Me, My Phone, and a Hard Place
I knew a climb was coming just ahead on yet another hot one in the desert. I still had a day to get to Warner Pass and the heat was intense. Today there was some luck, with big gusts of wind to make the weather seem less oppressive.
I stopped next to a large rock to get my headphones out to prepare for the climb with some music. I placed my phone on the rock, on what I thought was a level place. The next thing I knew, my iPhone had slid into a crevasse-like hole. I looked down and saw it wedged in there between another rock, suspended in midair it seemed.
“My phone!” I incredulously said aloud. “That’s my phone in there!”
I got to work, shrugging off my backpack and trying to manipulate the phone with my trekking pole. In a moment’s time, one of my trail friends named Slytherin came along. How happy I was to see my happy-go-lucky friend from France! I knew he could help.
I showed Slytherin the dire situation and he dropped his pack to work with me. Another hiker showed up named Pantry and he also became intent on the mission of “Save Daya’s Phone.”
We deduced that we needed Slytherin’s poles because they were more narrow and thin than mine. With a headlamp pointing down into the abyss, Slytherin then shook his head and sighed a little French tsk tsk noise.
“You see, there is a little mouse holding up your phone. Depending on how he moves, well, that may determine what happens to your phone,” he delicately informed me.
A mouse? You mean I have to sweet talk a mouse? I had a flashback to when I was on the AT. There was that moment I turned my back from where my cherished rationed squares of chocolate rest on the log next to me. Then how I saw that damn mouse run off with my chocolate and how yours truly roared in anger. You don’t mess with a woman and her chocolate, especially after she’s just walked all day and that chocolate is her reward.
I looked into the rocks and saw that little mouse. Then I didn’t see him anymore and my phone was miraculously still wedged up right. The three of us got back to our mission.
I like to think I’m a pretty positive person, so I pulled every piece of positive thinking and affirmative thought from my being to keep believing my phone would be rescued.
It was getting closer to the top opening as we maneuvered the phone upward by using the poles. I was able to touch it on one end, but the slimness on one side of the hole didn’t allow it to come out.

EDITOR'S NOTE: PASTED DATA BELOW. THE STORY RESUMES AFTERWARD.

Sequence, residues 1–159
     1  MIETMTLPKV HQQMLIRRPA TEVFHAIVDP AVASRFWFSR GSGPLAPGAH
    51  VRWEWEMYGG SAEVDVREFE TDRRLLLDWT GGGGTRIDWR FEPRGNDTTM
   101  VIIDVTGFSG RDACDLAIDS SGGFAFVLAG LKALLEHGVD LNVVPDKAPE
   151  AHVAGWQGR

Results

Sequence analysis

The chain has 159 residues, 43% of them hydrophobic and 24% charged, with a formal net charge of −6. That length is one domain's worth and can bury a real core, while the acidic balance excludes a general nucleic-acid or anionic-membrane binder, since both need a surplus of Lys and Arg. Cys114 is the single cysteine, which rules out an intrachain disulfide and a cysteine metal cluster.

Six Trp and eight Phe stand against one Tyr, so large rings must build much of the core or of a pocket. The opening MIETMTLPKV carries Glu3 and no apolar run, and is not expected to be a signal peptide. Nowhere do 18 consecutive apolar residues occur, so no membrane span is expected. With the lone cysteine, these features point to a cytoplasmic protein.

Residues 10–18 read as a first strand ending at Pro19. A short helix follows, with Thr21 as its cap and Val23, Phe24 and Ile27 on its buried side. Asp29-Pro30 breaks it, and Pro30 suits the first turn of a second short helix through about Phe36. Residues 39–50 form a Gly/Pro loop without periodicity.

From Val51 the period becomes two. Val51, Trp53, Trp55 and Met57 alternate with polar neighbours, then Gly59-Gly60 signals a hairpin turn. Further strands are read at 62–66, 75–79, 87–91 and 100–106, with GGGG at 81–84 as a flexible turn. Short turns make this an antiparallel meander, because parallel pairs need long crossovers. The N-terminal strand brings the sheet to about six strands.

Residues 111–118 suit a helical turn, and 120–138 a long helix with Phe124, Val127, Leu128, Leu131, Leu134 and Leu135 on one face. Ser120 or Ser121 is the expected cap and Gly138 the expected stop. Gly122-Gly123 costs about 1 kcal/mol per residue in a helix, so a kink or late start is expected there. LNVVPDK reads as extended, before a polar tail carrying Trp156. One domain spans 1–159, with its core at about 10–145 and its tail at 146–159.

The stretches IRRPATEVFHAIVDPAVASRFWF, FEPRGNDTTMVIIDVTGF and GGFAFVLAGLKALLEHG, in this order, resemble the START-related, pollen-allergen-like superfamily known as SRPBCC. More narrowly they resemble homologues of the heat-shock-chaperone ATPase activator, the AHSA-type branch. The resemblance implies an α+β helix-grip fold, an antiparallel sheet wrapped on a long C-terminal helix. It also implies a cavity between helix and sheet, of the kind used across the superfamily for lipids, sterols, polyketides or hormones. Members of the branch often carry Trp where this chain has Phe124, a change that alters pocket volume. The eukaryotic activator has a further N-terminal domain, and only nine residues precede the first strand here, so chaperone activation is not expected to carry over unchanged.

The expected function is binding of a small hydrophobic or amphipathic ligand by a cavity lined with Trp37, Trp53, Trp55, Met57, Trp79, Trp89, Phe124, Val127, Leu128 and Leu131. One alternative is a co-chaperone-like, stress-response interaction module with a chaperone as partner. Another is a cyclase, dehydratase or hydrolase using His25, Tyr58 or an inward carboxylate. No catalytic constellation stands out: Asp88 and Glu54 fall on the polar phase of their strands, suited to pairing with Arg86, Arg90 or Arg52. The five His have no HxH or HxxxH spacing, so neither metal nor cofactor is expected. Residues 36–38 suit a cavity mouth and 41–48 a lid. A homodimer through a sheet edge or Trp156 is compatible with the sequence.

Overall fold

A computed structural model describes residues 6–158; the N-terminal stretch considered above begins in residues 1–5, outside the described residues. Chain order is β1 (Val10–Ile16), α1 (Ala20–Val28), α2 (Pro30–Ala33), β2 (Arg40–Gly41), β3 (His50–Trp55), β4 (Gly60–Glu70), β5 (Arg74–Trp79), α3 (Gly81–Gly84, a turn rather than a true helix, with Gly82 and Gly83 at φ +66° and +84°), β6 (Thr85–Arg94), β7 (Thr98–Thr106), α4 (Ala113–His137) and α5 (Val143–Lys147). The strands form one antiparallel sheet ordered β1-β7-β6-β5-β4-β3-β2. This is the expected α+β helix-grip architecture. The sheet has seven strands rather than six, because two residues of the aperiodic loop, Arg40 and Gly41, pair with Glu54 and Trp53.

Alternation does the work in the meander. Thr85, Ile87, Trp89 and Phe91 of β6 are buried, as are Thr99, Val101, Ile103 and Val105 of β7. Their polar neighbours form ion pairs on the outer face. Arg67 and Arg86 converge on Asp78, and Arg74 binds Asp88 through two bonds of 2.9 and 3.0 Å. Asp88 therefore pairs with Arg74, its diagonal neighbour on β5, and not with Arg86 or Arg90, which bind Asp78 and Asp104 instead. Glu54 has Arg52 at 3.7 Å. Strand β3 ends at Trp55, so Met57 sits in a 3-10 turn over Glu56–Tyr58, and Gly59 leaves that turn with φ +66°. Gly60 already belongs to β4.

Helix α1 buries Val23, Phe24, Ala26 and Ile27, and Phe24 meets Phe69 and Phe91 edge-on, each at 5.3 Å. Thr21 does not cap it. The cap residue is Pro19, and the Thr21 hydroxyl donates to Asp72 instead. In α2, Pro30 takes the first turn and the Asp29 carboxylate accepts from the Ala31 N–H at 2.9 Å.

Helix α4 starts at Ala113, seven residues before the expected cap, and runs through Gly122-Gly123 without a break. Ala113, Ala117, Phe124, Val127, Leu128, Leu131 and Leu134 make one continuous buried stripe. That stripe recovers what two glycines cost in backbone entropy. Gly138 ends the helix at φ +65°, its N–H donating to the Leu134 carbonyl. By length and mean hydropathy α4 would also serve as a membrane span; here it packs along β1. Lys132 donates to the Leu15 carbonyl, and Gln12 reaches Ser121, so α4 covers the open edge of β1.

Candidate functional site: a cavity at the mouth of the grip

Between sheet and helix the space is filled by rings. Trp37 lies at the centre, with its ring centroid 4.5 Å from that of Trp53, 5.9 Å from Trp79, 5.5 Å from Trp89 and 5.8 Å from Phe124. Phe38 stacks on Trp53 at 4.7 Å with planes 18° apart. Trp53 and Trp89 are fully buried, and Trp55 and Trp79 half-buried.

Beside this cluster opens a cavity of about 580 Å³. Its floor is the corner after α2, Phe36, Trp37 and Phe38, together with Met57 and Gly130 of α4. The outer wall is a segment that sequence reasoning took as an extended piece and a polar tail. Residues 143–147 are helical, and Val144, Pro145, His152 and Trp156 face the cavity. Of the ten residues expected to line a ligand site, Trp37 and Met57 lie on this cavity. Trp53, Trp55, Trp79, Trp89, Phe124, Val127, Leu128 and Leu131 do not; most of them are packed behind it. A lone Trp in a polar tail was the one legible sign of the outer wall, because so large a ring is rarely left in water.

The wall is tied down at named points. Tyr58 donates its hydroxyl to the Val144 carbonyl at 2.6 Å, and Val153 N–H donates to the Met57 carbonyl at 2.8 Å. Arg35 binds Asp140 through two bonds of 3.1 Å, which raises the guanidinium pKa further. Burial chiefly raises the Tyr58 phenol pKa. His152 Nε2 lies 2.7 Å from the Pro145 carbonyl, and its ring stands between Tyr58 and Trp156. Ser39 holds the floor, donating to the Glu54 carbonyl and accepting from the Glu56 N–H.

Pantry then had the brilliant idea to use tent stakes. He rigged up one of his stakes that had a hook on it with some duct tape to Slytherin’s pole. What we would do out here as thru-hikers without duct tape?
It was the moment of truth. We had been conjuring up ideas and trying them it for almost half an hour. Pantry handed me the duct taped hook and I slid it down to create some leverage, to pull the phone up and out.
It worked! Suddenly the phone was in my hand and I was hugging and kissing the guys, promising them beers and goodies when we got to town. They were also exuberant about our successful triumph, modestly shaking off any of my offers.
During the whole rescue operation, I had felt bad that I was taking their time, valuable hiking time to get closer to where they were going for the day. Every time I mentioned this, they both smiled and disregarded my words. They wanted to help me. They wanted to be a team. They wanted to give and I needed to be open to receive.
This is the true reason many of us get out here to hike. For the amazing trail community of patient, kind, and selfless souls who come together to form a family for a season of hiking. When many people talk about one of the best experiences of trail life, they often warmly smile and speak of their trail family. Those people you meet that make you laugh over anything, the ones that pick you up when you’re down, and the way each person has his or her unique gift to contribute to the well-being of the whole.
Then there are the ones who help save your ass when you accidentally drop your phone between a rock and a hard place.
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